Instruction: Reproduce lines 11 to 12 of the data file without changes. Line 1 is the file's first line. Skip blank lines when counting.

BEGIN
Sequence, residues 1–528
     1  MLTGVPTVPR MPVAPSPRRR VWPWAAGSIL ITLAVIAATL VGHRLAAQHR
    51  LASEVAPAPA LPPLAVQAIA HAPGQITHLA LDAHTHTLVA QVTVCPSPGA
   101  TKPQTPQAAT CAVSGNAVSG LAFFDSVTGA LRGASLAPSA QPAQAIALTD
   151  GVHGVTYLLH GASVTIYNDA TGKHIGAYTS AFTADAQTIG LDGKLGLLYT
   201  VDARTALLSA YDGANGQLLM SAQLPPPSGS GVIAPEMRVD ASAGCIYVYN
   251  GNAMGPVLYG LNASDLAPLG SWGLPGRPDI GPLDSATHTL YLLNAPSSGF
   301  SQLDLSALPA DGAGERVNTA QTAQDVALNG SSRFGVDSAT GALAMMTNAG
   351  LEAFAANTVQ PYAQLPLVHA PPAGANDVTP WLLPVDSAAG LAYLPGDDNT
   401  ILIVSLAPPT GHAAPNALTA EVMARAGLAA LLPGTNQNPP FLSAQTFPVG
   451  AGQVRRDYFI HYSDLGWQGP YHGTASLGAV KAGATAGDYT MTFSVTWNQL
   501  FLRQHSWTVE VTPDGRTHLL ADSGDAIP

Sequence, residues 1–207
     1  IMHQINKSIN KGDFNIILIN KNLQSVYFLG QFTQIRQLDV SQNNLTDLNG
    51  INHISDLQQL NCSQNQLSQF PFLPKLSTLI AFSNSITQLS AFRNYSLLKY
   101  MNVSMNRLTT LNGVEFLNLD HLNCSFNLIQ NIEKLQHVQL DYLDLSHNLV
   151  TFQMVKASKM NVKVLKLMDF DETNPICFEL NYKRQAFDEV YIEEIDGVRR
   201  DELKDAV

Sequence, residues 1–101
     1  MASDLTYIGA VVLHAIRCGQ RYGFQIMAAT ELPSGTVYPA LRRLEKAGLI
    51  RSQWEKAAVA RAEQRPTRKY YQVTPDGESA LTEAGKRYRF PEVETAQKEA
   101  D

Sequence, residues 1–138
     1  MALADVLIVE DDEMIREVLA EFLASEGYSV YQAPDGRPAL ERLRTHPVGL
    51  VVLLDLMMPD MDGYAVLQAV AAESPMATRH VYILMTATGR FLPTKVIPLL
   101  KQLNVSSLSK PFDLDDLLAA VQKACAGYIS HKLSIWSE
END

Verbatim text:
   451  AGQVRRDYFI HYSDLGWQGP YHGTASLGAV KAGATAGDYT MTFSVTWNQL
   501  FLRQHSWTVE VTPDGRTHLL ADSGDAIP